Nigeria’s COVID-19 deaths double in one month

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As Nigeria is recording a spike in confirmed COVID-19 cases, so also is the country reporting more deaths from the virus.

In the last one month, the number of Nigerians who have died from coronavirus has almost tripled.

After analysing data from the Nigeria Centre for Disease Control (NCDC), it was discovered that the total number of deaths in December has risen to more than two times what was recorded in November.

After recording a daily average of ten COVID-19 deaths from May 28 to June 27 when 299 fatalities were reported, the number of monthly deaths in Nigeria started to drop.

From 295 within the next month, the deaths were on a steady decline until October when 24 people died from the virus, that is from September 28 to October 27.

Then the curve started to rise again — from 32 within the next month (an average of one daily) to 83 fatalities recorded between November 28 and December 27 (a daily average of 2.6).

On December 18, the presidential task force (PTF) on COVID-19 announced that Nigeria may have entered the second wave of the pandemic.

Boss Mustapha, chairman of the PTF, had said: “In Nigeria, the indication is that we have entered the second wave of infections, and we stand the risk of not just losing the gains from the hard work of the last nine months, but also losing the precious lives of our citizens.”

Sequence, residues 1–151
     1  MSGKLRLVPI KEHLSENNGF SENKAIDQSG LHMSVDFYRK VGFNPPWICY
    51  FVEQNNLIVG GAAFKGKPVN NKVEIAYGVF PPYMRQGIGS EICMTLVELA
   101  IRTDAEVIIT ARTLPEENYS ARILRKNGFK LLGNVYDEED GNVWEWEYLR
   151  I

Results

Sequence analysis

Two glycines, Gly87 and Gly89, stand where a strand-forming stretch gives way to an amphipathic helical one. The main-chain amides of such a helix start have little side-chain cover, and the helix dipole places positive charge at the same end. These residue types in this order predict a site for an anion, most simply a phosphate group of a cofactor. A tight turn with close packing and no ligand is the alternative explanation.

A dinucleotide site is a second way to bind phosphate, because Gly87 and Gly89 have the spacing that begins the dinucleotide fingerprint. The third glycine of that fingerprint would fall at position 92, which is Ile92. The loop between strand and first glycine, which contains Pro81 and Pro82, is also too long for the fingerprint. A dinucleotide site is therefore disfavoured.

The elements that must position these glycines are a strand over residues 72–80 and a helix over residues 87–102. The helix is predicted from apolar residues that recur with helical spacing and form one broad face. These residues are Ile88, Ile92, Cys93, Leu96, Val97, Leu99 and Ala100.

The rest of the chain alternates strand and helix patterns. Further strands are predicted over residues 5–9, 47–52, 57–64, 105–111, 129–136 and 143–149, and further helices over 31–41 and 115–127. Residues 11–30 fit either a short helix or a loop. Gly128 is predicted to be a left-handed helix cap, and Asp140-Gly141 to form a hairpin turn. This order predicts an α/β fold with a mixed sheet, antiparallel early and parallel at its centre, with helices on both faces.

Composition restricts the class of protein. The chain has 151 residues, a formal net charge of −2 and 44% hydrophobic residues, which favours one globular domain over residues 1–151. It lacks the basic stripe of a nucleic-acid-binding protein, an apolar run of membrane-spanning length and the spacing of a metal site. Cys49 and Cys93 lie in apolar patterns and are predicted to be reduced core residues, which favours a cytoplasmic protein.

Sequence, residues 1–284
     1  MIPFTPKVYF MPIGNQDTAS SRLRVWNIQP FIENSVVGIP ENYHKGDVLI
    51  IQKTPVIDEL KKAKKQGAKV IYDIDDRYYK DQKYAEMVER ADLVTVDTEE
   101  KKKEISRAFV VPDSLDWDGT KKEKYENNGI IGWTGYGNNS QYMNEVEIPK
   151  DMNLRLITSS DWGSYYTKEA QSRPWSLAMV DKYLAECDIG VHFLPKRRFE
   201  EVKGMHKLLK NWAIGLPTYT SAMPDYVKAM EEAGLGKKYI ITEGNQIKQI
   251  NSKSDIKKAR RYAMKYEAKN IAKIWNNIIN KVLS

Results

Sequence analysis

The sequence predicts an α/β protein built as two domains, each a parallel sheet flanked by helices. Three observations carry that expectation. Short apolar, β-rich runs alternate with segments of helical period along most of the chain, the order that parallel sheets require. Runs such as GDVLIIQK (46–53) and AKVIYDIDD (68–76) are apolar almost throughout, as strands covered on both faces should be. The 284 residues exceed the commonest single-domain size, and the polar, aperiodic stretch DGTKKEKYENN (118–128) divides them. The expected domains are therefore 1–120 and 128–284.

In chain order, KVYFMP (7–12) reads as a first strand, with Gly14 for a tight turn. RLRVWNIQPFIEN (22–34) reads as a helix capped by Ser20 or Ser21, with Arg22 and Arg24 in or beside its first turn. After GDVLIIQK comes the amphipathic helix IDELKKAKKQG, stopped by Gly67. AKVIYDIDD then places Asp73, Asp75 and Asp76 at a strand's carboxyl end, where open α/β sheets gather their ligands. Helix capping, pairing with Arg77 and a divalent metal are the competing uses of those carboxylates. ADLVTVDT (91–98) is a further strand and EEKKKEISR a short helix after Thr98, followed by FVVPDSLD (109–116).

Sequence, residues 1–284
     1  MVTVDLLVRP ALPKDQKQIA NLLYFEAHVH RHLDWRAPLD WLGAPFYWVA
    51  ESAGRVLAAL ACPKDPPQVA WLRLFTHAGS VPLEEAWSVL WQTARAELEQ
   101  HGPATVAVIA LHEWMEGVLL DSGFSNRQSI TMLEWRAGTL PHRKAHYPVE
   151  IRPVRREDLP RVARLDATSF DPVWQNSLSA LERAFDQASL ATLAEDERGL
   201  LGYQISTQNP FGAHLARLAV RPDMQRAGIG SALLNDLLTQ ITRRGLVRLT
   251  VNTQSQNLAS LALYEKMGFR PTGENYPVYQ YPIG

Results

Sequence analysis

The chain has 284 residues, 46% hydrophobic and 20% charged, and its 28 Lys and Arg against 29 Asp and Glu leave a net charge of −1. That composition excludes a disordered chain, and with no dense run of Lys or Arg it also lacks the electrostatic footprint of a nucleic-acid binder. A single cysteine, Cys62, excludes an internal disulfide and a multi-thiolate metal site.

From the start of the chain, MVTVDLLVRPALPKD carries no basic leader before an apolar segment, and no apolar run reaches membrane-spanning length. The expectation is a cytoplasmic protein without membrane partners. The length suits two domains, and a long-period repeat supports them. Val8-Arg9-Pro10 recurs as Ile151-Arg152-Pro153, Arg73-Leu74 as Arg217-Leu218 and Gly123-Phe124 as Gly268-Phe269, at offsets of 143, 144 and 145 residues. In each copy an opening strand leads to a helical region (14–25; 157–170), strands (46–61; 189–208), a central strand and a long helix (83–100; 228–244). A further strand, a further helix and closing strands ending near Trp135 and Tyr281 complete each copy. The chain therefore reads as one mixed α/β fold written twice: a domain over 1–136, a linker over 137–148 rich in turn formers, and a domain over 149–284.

Although a second wave does not mean all doom and gloom, such spike in infections usually results in increased deaths as a result of more people reporting symptoms and getting hospitalised.

In Nigeria, where less than one million people have been tested for the coronavirus, NCDC data show the testing capacity has slightly improved in recent weeks.

From 31,000 tested in the last week of November, the number of tests has continued to grow to 36,000, 40,000 and 46,000 in the first three weeks of December, respectively.

However, there is little or no evidence that the resurgence of cases is as a result of increased testing.

In fact, experts have said that during a second wave, the actual number of people getting sick with the coronavirus is increasing mostly as a result of human behaviour.

Meanwhile, the PTF has maintained that pending the availability of vaccine doses in the country, there is a need to prioritise non-pharmaceutical interventions such as wearing of face masks and maintaining physical distance to prevent spread of the virus.

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